Source: Jean et al., “ZnO nanowire arrays for enhanced photocurrent in PbS quantum dot solar cells,” Advanced Materials 25, 2790–2796 (2013).

Plot types emphasize different types of data.

What are you trying to show with your data? A correlation? A distribution? An event in time?

When you have a distribution on hand, using a summary of your data (i.e., mean and standard deviation) can obscure interesting information about your data. For example, the three different distributions below (normal, uniform, and bimodal) have the exact same mean (5) and similar standard deviations (2).

figdesign distribution

Trying to show… Recommended presentation
Overall distribution of data If possible, show the entire data set
Large data set Histograms, box plots: summarize features of the distribution
Events in time
Evolution of a variable
Line plot
Correlations Scatter plot

Tweak your figure depending on the setting

Will you be presenting your figure in an academic paper, a poster presentation, an oral presentation, or another setting? The final format dictates how your audience will interact with the figure and how much supporting information you can provide.

Is the figure static or dynamic? What information goes where?
Paper Static
  • Figure and caption should be sufficient for reader to draw a conclusion. Expert readers judge papers’ credibility and impact based on figures alone.
  • Caption’s title should state the message.
  • Remainder of caption should not contain any interpretation, only high-level description of what was done to obtain data in the figure.
Poster Static
  • You are present and can supplement printed information with spoken explanations.
  • Precede figure with title that states the message.
  • A caption is often unnecessary: viewers can easily glance at methods to see how data were obtained.
  • Larger sizing allows more thorough and direct labeling than is possible for papers. Take advantage of this to make your figure more self-explanatory.
Presentation slides Dynamic: can be animated
  • Slide title should state the message.
  • Text should be minimized.
  • Animations can be used to pace delivery of complex figures.
  • See Slide Presentation for more specific skills.

Maximize your signal-to-noise ratio

Treat the message you want to communicate as your signal. Your goal is to transmit this signal as clearly as possible to your audience. Anything that interferes with communication of your message is noise. We’ve discussed ways to maximize signal by optimizing figure design. Here we will talk about strategies for minimizing noise.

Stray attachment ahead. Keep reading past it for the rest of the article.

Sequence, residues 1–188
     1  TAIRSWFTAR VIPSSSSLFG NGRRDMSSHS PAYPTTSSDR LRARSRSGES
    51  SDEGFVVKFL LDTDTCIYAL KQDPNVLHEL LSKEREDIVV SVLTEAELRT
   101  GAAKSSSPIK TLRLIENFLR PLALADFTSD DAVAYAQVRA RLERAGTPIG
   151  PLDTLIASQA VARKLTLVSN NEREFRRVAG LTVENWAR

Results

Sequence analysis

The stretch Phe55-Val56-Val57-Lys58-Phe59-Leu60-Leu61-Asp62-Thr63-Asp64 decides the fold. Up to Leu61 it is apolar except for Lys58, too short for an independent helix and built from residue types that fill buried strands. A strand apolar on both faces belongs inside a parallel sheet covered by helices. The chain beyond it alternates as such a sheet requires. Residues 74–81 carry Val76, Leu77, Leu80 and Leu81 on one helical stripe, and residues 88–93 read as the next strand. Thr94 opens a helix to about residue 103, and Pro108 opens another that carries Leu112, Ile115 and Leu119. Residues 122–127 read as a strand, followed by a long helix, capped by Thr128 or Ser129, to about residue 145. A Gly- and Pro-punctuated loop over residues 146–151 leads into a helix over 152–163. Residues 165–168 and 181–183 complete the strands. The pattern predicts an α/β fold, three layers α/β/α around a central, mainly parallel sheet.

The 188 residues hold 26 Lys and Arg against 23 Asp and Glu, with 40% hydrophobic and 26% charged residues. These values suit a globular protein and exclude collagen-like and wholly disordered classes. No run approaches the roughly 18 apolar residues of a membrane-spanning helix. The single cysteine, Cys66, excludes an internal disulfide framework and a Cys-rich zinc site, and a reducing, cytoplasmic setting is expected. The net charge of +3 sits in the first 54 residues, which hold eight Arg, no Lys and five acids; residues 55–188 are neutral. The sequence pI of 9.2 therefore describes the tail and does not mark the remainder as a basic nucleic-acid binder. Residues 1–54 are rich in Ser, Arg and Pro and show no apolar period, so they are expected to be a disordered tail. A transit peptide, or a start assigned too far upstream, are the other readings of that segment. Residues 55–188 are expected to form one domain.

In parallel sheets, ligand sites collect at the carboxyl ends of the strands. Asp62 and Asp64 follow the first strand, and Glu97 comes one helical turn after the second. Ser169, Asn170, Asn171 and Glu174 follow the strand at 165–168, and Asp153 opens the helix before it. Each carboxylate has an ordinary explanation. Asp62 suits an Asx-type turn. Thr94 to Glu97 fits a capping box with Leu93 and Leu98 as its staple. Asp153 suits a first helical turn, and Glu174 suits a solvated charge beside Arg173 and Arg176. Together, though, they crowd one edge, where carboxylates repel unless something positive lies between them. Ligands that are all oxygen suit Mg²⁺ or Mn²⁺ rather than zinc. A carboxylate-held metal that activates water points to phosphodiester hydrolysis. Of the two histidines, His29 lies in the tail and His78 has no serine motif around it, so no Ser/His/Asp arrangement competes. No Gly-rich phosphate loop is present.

Noise from evidence

Don’t drown your audience in data. Include only the minimum data necessary to make your point. Including evidence that doesn’t directly support your message distracts from evidence that does. (Make sure you do not violate scientific ethics in selecting your data. Consult a colleague or advisor if you’re not sure.)

Noise from presentation

The way you present your chosen evidence can also draw attention away from your message. Here are a few common examples of how a figure can be improved to remove noise, based on the figure below:

  1. Change the title from a description of the data to a message about the data.
  2. Move the legends next to the data they describe so the reader doesn’t have to look back and forth and match colors.
  3. Simplify the color scheme, focusing on drawing attention to the relevant portion of the data.
  4. Remove unnecessary 3D graphics.


Source: Trees, Maps, and Theorems, by Jean-Luc Doumont, page 99

Many other types of noise exist. For example, unnecessary gridlines or axis labels can clutter a figure. Ask yourself what you want your audience to take away from the figure, and how you can make it easier for them to locate and focus on the relevant information.

(The metaphor of “signal-to-noise ratio” comes from Jean-luc Doumont’s book Trees, Maps, and Theorems.)

Resources for advanced figure design

There are many useful resources available on styling visual communication and data. Two books we recommend highly are The Visual Display of Quantitative Information (Edward Tufte) and Trees, Maps, and Theorems (Jean-Luc Doumont). We also recommend this collection of articles by Bang Wong, Martin Krzywinski, and their colleagues. Here you’ll find detailed discussions and examples on:

  • Visual design principles and their relationship with clarity
  • The use of color
  • Styling figure elements
  • The strengths and weaknesses of specific plot types
  • Visualizing multi-dimensional data
  • Using figures to explore data

Content adapted by the MIT Electrical Engineering and Computer Science Communication Lab from an article originally created by the MIT Biological Engineering Communication Lab.

Resources and Annotated Examples

Annotated Example for EE

Annotated Example for EE

Varying degrees of specificity within the same figure 3 MB

Annotated Example for CS

Annotated Example for CS

Clear parallels between messages between mediums 258 KB